The SEC's brief also notes that "The district court asked rhetorically how it can “ever be reasonable to impose substantial relief on the basis of mere allegations,” but I suggest the district court was really asking how can it “ever be reasonable to impose substantial relief on the basis of mere allegations,” after a major global financial market crisis caused by recidivist financial institutions using the US dollar's status as global reserve currency to sell fraudulent financial instruments around the world.

The district court did give proper deference to the Commission’s assessments, given the Commission's recent history of not protecting the public interest, given the recidivism noted. The central issue is this: is the SEC “a government actor committed to the protection of the public interest?” The SEC's financial crisis performance suggests the agency has been captured by the industry it regulates. While "the decision to investigate, to prosecute, and to settle is solely an executive function" a district court can examine the investigative, prosecutorial and settlement performance of an agency to determine the competence of an agency in protecting the public interest.

The SEC's brief notes that "The reason is that many, and perhaps most, defendants will not admit to factual allegations because they are concerned about, among other things, the collateral estoppel effect of admissions on parallel private actions." That the SEC is concerned with this at all is evidence that they have been captured by the industry.

The SEC's brief notes that "Without the ability to compromise, the Commission would face a difficult dilemma." The lower Court rejection does not prohibit the SEC from compromising. It hopes to prohibit them from making compromises that are contrary to the public interest.

The SEC notes that "the Commission obtained the injunctive relief it sought in the complaint and monetary relief totaling $285 million, which is more than 80% of what it could have reasonably expected to obtain if it prevailed at trial." I estimate reasonable relief would be in the $3 billion dollar range.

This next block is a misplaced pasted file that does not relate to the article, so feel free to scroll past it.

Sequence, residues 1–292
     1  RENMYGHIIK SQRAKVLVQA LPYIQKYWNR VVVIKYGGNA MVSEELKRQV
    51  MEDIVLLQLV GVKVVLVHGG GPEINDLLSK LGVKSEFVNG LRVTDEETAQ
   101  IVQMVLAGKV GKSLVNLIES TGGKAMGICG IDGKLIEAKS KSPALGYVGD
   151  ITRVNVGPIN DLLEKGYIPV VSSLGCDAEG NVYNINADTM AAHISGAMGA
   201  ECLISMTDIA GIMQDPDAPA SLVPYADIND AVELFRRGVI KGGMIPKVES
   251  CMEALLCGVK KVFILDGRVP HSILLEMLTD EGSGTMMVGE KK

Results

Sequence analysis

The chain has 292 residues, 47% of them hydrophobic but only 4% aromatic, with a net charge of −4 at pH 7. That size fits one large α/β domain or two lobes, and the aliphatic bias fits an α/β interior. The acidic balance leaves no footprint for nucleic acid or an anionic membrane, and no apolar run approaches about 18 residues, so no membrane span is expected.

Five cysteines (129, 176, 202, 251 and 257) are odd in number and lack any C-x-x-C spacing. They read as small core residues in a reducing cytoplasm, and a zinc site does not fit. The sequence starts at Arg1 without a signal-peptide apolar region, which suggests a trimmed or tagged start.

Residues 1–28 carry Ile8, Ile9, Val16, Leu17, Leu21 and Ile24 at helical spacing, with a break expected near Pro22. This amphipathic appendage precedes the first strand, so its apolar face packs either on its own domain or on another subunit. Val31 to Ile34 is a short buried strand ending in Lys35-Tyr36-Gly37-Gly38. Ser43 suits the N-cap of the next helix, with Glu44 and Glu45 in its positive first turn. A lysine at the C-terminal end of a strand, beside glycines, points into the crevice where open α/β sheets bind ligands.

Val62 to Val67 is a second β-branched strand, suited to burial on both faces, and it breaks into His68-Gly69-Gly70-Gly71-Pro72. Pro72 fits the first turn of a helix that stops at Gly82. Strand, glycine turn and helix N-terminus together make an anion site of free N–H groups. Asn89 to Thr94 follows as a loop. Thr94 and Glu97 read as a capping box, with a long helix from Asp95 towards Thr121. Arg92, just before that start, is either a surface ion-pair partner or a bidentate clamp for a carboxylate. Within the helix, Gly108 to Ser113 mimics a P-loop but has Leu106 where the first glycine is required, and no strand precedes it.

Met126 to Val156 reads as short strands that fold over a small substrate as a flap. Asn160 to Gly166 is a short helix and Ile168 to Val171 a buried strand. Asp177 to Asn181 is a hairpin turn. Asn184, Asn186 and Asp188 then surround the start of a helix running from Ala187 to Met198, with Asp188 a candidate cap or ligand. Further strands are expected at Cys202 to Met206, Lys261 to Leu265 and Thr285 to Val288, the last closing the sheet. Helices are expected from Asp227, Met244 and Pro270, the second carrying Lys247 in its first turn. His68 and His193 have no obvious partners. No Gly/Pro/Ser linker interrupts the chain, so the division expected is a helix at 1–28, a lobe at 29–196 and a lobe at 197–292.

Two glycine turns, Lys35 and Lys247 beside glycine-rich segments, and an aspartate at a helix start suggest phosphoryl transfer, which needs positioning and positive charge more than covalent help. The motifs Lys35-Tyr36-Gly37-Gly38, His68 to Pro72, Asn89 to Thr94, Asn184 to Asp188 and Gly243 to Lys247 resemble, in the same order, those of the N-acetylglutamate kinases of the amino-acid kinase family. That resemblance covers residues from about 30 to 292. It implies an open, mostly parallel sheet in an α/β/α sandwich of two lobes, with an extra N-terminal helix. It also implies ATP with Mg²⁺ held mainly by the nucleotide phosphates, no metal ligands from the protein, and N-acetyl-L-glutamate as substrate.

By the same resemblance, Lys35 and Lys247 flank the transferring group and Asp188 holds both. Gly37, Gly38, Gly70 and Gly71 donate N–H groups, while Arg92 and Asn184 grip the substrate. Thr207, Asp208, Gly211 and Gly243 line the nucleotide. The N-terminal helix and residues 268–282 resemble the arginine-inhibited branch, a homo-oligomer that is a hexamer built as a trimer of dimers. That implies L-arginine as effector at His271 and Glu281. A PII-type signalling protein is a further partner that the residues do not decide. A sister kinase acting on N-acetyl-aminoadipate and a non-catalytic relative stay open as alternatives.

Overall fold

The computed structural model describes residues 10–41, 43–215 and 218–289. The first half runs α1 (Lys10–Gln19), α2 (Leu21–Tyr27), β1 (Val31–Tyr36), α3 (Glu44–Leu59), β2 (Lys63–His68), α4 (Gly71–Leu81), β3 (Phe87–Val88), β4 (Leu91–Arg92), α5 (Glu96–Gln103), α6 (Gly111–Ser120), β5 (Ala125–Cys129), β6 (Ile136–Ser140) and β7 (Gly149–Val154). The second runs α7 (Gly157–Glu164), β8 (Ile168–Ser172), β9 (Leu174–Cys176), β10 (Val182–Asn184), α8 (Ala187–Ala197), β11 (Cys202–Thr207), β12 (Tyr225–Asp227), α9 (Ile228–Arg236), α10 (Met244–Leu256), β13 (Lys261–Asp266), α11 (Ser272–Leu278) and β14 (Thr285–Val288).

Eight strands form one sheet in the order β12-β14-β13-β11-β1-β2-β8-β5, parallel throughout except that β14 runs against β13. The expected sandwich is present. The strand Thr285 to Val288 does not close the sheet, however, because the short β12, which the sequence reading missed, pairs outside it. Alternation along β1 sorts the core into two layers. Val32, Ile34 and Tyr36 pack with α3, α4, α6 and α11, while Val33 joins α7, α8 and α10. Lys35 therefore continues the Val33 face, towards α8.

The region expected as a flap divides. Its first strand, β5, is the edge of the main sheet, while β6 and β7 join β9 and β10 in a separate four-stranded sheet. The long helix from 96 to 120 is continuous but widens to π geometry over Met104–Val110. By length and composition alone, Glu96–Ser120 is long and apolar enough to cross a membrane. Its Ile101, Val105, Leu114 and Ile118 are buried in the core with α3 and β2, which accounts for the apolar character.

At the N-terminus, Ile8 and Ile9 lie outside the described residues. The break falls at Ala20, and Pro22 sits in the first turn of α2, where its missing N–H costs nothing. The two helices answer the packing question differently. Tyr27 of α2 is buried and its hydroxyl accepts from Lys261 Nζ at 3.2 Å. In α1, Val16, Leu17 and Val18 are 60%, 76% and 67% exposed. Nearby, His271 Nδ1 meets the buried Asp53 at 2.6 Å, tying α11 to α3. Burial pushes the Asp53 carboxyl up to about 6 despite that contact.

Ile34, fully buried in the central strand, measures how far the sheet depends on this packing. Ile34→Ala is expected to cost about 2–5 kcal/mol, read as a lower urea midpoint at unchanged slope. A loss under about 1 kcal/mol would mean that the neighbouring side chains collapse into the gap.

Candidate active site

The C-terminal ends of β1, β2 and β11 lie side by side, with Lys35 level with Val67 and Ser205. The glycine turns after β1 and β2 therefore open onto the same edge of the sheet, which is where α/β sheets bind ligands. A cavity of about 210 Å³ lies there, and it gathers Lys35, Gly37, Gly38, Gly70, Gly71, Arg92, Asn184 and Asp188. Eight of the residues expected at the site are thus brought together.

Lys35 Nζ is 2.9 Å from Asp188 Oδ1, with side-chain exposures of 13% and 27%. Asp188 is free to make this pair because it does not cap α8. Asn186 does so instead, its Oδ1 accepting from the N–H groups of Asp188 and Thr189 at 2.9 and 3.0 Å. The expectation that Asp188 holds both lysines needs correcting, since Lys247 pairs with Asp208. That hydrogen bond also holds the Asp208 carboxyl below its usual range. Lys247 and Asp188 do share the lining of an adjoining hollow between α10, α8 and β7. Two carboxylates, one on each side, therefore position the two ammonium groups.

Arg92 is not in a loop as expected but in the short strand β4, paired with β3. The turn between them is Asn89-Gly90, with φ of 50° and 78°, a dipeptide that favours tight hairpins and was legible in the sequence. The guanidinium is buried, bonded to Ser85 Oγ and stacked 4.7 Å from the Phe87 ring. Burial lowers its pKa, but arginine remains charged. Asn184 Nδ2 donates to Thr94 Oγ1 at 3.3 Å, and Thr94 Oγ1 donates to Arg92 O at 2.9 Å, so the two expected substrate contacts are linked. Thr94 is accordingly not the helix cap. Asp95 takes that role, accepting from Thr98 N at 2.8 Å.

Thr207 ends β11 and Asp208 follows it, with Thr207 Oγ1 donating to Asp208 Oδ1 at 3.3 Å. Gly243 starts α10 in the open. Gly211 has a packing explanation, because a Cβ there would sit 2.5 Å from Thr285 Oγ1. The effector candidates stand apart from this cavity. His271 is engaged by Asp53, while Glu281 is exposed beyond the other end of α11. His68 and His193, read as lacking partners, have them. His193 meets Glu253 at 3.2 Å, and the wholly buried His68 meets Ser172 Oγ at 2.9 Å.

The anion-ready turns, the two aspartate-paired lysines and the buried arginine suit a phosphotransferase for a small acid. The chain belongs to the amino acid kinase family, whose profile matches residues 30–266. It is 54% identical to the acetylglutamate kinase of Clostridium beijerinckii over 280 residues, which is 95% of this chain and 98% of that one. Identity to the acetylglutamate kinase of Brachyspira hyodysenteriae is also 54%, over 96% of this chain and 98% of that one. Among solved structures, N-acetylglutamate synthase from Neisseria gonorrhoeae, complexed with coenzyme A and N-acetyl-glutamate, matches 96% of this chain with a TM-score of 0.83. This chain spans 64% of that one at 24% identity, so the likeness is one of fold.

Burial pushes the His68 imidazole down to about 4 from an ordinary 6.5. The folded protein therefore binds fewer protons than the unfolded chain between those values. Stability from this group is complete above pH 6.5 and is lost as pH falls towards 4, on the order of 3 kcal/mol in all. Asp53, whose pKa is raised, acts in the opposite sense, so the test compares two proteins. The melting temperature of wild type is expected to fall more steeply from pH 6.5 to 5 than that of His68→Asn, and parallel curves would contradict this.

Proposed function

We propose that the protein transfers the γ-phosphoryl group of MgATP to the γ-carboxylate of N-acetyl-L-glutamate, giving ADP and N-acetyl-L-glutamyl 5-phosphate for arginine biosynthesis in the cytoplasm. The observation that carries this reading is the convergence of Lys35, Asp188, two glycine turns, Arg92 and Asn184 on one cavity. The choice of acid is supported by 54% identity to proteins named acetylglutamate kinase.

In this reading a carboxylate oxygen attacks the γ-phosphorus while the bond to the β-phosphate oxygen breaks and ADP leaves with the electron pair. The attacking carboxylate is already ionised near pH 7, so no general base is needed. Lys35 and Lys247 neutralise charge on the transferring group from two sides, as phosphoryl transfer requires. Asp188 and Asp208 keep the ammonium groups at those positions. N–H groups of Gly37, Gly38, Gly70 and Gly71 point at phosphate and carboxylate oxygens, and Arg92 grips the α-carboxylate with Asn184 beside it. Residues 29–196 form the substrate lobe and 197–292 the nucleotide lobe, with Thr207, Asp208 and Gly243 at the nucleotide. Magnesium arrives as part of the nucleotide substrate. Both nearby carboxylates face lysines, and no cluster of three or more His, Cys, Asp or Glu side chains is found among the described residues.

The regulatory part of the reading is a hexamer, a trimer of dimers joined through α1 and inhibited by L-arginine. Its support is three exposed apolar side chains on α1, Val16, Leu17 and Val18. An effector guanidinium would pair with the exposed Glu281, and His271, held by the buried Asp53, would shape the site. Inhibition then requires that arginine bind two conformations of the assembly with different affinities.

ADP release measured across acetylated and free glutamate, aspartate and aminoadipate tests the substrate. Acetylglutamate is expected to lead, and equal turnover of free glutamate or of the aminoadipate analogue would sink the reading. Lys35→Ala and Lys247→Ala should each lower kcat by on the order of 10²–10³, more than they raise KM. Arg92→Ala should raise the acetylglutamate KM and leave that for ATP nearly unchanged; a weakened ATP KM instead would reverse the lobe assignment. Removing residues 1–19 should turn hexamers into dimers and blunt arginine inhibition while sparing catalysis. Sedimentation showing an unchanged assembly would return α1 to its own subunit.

Monday, March 12, 2012

Recent News Citations

Big banks: Too big to behave?
March 12, 2012: 10:28 AM ET

Given the level of repeat offenses at some of the largest financial firms, it's clear that the SEC needs to change its approach. By Eleanor Bloxham, CEO of The Value Alliance and Corporate Governance Alliance.

Minority banks are struggling, even with bailouts
March 11, 2012. By Beth Healy, The Boston Globe.

OneUnited Bank is facing a painful question: What purpose can a minority institution serve when its own community is turning against it?

That’s the situation the Boston bank, the nation’s largest black-owned bank, finds itself in after threatening to foreclose on Charles Street African Methodist Episcopal Church, one of the most revered black churches in Boston, which, like many borrowers, fell behind on its loans during the recent recession. Community leaders vow to organize a national boycott of the bank if it fails to renegotiate the church’s loans by Thursday.

Thursday, January 26, 2012

"Friend of the Court" brief in SEC vs. Citigroup (2nd Cir Ct of Ap)

William Michael Cunningham submitted a "Friend of the Court" brief in a case currently pending before the United States Court of Appeals for the Second Circuit.

The case concerns the rejection, by a Federal Judge, of a settlement agreed to by the United States Securities & Exchange Commission (SEC) and Citigroup Global Markets Inc. (Citigroup), the latter accused of securities fraud.

As a friend to the Court, Mr. Cunningham seeks to provide an independent, objective and unbiased view in support of broad public interests. His education and experience have uniquely positioned him to provide objective, independent research and opinions concerning the issues central to the case.

The "Friend of the Court" brief concludes by noting that markets have become less stable. Faulty regulatory practices and collusion (too big to fail, etc.) have moved regulators and lawmakers..in the direction of supporting suppliers to the financial service marketplace. A decision by the (Appeals) Court in favor of the SEC and Citigroup will further weaken this support, to the detriment of market institutions and the public. My economic models show the global economy remains at risk.

http://prlog.org/11782028